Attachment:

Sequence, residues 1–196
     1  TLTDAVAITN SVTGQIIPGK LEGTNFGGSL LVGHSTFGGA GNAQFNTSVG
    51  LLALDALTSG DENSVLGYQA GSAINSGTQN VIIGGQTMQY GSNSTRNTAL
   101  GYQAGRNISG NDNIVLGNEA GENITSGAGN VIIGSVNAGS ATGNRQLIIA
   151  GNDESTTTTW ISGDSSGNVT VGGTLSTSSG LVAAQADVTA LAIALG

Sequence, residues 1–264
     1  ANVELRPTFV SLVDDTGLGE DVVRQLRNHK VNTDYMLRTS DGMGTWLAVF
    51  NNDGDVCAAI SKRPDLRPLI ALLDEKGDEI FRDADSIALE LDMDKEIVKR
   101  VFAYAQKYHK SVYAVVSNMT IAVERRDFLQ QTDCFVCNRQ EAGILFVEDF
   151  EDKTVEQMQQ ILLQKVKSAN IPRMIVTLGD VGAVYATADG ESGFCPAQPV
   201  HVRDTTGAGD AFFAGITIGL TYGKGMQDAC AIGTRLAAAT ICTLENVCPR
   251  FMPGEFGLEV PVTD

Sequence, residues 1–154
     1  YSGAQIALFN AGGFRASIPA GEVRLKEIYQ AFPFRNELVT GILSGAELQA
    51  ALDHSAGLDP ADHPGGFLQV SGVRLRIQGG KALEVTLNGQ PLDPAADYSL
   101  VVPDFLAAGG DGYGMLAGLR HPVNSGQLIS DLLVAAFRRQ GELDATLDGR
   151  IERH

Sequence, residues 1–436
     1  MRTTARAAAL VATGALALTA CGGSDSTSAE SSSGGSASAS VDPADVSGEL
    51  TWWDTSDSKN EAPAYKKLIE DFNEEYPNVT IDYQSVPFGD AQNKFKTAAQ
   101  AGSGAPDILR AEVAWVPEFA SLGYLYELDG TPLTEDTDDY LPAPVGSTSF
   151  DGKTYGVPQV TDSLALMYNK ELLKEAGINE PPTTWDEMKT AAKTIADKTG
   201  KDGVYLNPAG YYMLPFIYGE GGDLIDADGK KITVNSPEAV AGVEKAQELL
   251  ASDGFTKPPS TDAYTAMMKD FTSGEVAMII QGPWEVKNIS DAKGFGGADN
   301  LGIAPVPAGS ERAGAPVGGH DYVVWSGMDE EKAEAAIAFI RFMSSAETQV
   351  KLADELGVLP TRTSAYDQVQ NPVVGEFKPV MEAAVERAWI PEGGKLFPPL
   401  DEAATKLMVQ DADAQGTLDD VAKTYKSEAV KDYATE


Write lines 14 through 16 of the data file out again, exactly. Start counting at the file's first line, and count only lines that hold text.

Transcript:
     1  YSGAQIALFN AGGFRASIPA GEVRLKEIYQ AFPFRNELVT GILSGAELQA
    51  ALDHSAGLDP ADHPGGFLQV SGVRLRIQGG KALEVTLNGQ PLDPAADYSL
   101  VVPDFLAAGG DGYGMLAGLR HPVNSGQLIS DLLVAAFRRQ GELDATLDGR